In-depth: Agricultural workers say herbicide is increasing their risk of getting Parkinson's Disease

Miller Firm representing about 40 agricultural workers in Tampa Bay area
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Posted at 5:52 PM, Aug 16, 2021
and last updated 2021-08-16 17:52:21-04

TAMPA, Fla. — A legal battle is brewing in Florida over a popular pesticide called paraquat. Many people in the agriculture industry have said exposure to paraquat increases the risk of getting Parkinson’s Disease.

ABC Action News In-depth reporter Anthony Hill took a closer look at the chemical, the claims that it’s dangerous and the government’s approval of its use.

“Farmers had no clue. They didn’t know about these risks associated with paraquat when they were using and spraying the product,” said attorney David Dickens with the Miller Firm. He said he represents about 750 people, including 40 in the Tampa Bay area. “And so certainly in the Tampa area we have clients and we’re receiving phone calls every day as more and more information comes out.”

Dickens said the firm is filing a class-action lawsuit for Florida agriculture workers who believe they were put at a higher risk of getting Parkinson’s Disease due to their exposure to paraquat, which is widely used to kill weeds and grass. The herbicide is so toxic that you need to be certified to use it and paraquat is banned in European Union countries.

“Many things affect them. First, their skin. They also have irritations and allergies. It also affects their eyes. It always stings their eyes. Something very important is that it affects their respiratory system,” said Isaret Jeffers with Coletivo Arbol, an organization that advocates for migrant agricultural workers.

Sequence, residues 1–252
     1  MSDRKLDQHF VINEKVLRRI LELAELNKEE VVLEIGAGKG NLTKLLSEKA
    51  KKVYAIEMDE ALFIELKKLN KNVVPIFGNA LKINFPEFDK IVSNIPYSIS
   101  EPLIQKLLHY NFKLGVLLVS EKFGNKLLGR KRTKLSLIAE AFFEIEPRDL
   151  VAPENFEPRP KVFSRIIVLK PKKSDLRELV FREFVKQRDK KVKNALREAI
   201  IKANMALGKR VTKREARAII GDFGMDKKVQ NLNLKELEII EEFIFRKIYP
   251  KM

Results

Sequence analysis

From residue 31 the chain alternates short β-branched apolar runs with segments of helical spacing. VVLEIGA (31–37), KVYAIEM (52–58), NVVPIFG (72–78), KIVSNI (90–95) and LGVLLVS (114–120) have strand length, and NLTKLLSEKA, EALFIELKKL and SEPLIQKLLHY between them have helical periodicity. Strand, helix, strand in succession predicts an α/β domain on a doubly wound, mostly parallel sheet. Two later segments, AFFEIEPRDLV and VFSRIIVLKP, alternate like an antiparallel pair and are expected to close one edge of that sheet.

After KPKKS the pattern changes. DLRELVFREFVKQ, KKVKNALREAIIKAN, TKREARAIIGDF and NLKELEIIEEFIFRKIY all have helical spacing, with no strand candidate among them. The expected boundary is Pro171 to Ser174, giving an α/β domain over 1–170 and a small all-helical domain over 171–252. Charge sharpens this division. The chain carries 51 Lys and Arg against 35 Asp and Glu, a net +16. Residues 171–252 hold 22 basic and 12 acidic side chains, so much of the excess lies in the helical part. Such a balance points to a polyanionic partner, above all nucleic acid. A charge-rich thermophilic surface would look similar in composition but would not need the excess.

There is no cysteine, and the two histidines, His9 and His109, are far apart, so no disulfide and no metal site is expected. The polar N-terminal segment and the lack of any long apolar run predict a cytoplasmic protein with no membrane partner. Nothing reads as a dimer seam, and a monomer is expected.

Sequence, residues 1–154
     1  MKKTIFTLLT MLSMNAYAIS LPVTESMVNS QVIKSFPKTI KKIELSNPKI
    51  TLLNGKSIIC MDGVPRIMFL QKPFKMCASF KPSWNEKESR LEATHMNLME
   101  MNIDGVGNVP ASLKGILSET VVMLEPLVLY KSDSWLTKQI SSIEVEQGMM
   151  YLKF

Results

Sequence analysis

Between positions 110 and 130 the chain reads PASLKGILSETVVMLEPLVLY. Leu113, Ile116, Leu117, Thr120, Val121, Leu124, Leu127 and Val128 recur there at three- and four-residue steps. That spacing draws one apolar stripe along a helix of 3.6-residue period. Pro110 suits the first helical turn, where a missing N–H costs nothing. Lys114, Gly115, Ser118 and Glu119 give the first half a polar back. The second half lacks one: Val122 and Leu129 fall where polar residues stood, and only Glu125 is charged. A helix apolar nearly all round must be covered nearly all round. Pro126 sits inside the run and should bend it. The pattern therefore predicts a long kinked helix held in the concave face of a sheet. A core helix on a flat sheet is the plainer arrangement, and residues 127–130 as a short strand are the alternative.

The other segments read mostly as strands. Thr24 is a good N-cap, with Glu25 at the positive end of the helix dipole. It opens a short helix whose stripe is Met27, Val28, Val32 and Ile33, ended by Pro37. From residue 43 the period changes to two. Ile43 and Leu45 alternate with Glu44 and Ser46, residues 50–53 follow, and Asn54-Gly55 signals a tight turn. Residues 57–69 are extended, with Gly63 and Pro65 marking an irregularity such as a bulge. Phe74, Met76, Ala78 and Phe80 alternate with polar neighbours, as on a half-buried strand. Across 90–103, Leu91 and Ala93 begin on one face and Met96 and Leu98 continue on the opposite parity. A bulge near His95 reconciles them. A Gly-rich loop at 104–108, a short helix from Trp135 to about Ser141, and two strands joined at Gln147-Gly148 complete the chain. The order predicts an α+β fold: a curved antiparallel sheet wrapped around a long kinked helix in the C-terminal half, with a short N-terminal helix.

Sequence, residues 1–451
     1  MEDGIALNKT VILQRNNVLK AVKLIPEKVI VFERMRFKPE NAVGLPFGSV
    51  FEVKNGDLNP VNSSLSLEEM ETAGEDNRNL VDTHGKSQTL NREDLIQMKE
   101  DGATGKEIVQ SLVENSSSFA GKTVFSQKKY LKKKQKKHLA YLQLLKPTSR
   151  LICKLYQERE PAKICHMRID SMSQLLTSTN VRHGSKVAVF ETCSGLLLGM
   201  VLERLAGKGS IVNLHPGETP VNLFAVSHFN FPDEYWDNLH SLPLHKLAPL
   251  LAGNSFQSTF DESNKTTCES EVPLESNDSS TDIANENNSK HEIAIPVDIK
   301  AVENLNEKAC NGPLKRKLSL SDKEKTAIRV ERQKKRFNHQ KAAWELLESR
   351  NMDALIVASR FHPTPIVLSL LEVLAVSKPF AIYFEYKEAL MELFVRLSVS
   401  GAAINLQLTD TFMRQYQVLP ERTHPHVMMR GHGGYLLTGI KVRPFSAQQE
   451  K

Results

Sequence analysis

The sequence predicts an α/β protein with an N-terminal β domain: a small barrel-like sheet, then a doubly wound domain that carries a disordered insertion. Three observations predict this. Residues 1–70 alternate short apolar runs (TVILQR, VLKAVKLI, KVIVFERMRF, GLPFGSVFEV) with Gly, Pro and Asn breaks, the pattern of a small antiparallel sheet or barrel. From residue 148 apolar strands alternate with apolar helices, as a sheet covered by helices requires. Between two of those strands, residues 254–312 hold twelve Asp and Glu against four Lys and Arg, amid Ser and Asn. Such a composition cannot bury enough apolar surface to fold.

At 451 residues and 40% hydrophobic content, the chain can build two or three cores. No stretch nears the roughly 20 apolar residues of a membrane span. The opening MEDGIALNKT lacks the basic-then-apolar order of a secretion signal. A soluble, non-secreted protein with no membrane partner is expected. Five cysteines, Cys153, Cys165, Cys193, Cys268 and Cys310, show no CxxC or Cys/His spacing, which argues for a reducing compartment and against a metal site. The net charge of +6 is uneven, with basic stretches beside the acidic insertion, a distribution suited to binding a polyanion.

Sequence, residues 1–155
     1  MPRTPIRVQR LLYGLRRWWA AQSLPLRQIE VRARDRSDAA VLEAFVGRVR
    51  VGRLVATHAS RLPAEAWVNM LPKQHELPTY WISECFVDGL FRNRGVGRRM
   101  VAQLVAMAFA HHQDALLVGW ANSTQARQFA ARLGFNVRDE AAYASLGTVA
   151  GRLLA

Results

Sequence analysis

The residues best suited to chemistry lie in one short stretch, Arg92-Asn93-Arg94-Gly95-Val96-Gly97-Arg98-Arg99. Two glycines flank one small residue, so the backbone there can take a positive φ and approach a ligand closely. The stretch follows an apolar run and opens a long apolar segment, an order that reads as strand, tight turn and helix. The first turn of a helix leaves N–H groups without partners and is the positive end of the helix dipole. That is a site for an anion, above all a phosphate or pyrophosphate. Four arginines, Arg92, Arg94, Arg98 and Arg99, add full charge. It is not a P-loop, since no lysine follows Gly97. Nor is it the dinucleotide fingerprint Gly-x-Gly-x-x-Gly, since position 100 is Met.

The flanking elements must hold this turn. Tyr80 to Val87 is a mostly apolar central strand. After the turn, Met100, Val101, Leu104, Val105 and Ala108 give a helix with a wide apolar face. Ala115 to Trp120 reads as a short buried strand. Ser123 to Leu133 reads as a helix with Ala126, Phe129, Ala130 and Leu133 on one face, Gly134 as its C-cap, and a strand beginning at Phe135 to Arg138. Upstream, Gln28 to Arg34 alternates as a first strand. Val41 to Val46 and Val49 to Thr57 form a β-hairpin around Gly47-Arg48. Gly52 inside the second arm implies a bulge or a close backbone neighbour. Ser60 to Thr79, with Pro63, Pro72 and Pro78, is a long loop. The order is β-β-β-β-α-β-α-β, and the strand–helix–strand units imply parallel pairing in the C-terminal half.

Jeffers told Hill she doesn’t know much about paraquat, but that many workers have complained about herbicides affecting them.

“What we have to do is protect them. Give them information, give them masks, to drink water, to have special types of soaps to protect their skin from irritation,” said Jeffers.

Hill asked her if companies usually provide safety gear for migrant workers and Jeffers responded, “As far as I know, some companies do, for workers who come for temporary work, but the majority, I’m sure that each one buys their own tools, gloves, glasses if they need them.”

“This is a nasty chemical,” said Dickens. “It’s one that probably shouldn’t be on the market, but if you’re going to use it, make sure you take those precautions and if you see any symptoms of Parkinson’s, make sure you go see your doctor and get it checked out.”

The EPA recently re-evaluated paraquat and found no direct link between the herbicide and Parkinson’s Disease, but in July the EPA did post a notice that it is “requiring mitigation measures to reduce risks associated with paraquat in order to protect human health and the environment.”